What a tragic solution....transplanting is nothing more than large scale gardening!
When I was still with the former MNR and involved with the creation of the new Endangered Species Act in 2007, I was adamant that although some aspects of this legislation were valuable, the bigger issue was dealing with the habitats that such endangered species required to survive. The trailer that I had in my emails was "Dealing with Species At Risk instead of Spaces At Risk is like treating a life-threatening disease with an aspirin". What is going on in Windsor today, and numerous other places as well, is a prime example of this issue, and highlights a major flaw in this type of thinking regarding endangered species.
These nationally significant prairie and savanna remnants making up the Ojibway Prairie Complex are almost completely surrounded by urban development, including residential and commercial uses. One of the properties immediately adjacent to Ojibway Prairie Provincial Nature Reserve and the city owned Ojibway Park is the former Windsor Raceway. It has not been operational as a raceway for quite a few years, and some of the area closest to these two prairie parks had begun to revert to its former likeness of tallgrass prairie. Not only were some of the legislated prairie plants becoming re-established, but some of the faunal elements, including the endangered Eastern Fox Snake, were as well.
Unfortunately the former raceway property has changed hands, and the new owner wants to turn the property into a big box complex. This has been a contentious issue for many, and there have been appeals to the Ontario Municipal Board. The issues are mainly:
- does south Windsor really need another big box complex, when others in that city are apparently not doing all that well, and the long-term economic development plan indicates that Windsor already has more capacity than needed for at least the next 20 years? There are other large undeveloped or 'brown' (i.e. failed development or abandoned) properties available elsewhere for this type of development if more is necessary;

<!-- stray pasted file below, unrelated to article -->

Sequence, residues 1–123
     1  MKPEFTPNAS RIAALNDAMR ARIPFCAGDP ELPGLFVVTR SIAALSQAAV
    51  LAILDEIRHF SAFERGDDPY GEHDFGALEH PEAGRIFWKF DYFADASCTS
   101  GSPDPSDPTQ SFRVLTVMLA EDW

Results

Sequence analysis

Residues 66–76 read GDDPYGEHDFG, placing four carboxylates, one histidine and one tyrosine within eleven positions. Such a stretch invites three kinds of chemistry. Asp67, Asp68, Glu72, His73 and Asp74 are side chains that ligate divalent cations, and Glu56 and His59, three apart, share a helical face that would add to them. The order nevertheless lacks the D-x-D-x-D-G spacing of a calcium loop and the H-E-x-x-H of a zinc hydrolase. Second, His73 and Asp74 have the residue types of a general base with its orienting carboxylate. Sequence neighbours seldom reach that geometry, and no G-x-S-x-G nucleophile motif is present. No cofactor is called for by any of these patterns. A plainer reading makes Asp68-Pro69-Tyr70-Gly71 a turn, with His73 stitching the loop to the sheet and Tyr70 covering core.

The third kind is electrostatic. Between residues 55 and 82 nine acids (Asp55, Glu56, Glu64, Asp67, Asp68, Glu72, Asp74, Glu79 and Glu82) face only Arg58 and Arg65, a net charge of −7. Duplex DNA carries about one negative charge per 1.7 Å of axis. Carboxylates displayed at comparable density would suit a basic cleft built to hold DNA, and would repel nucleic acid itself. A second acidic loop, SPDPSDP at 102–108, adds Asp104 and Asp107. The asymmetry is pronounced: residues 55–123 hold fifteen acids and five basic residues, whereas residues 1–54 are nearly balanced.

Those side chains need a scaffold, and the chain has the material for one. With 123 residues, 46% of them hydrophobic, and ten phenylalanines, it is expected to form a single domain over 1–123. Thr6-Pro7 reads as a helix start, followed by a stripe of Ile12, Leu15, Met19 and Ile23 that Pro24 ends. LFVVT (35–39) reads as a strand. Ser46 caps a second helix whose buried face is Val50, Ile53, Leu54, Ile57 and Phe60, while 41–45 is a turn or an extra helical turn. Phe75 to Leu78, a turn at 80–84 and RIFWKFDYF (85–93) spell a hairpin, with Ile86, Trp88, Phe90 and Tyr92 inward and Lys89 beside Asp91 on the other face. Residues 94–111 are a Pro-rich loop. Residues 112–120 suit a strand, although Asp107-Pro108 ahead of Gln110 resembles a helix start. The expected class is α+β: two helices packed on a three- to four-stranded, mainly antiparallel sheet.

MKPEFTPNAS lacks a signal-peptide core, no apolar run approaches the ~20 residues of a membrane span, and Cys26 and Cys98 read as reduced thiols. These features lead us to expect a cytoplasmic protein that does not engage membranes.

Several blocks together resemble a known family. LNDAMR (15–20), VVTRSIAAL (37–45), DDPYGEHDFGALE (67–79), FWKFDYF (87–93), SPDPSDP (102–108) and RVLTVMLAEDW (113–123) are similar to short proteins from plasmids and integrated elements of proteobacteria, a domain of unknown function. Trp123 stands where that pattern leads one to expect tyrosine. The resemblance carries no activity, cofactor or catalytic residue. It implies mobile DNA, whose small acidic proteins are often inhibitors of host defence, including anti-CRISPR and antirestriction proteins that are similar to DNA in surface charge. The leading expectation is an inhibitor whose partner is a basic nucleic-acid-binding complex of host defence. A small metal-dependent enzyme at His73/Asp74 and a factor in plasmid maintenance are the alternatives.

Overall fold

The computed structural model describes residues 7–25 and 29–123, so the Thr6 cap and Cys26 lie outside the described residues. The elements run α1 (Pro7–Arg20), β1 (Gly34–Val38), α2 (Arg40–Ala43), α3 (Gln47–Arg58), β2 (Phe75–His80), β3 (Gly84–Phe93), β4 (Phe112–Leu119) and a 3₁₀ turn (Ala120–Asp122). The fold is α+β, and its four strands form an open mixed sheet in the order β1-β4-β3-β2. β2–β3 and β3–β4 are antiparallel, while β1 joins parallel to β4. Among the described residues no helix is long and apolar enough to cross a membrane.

- what about the loss of rare species and habitat not resolved by the permit issued by MNRF (see below)
- what about the major impacts to the species at risk on the adjacent park properties, not to mention the numerous species that are not officially 'at risk' quite yet? The new development calls for a major expansion/widening of the access roads, which currently separate Ojibway Prairie PNR from Ojibway Park, and will result in a major increase in traffic on the road separating these two parks. This will result in more and more animal life to be killed on the road.
- will the new development interfere with the prescribed burns needed for short and long term prairie health?
But residents and non-residents alike are questioning the need for such a huge development as well as the short-term and long-term impacts on the nationally significant prairie and savanna ecosystems and the species that make them up. The OMB dismissed the appeal to protect the significant prairie habitat, but residents are still actively involved in seeking a better solution. You can read much more about the issue and the public reaction here in the Windsor Star.
Many residents are requesting that the city council reconsider their approval for this project, and the local MPP is asking the owner/developer to reconsider it as well. Note the request in the article in the Windsor Star for signing a petition to be sent to the mayor. Please make your voices heard!
"Dealing with Species At Risk instead of Spaces At Risk is like treating a life-threatening disease with an aspirin"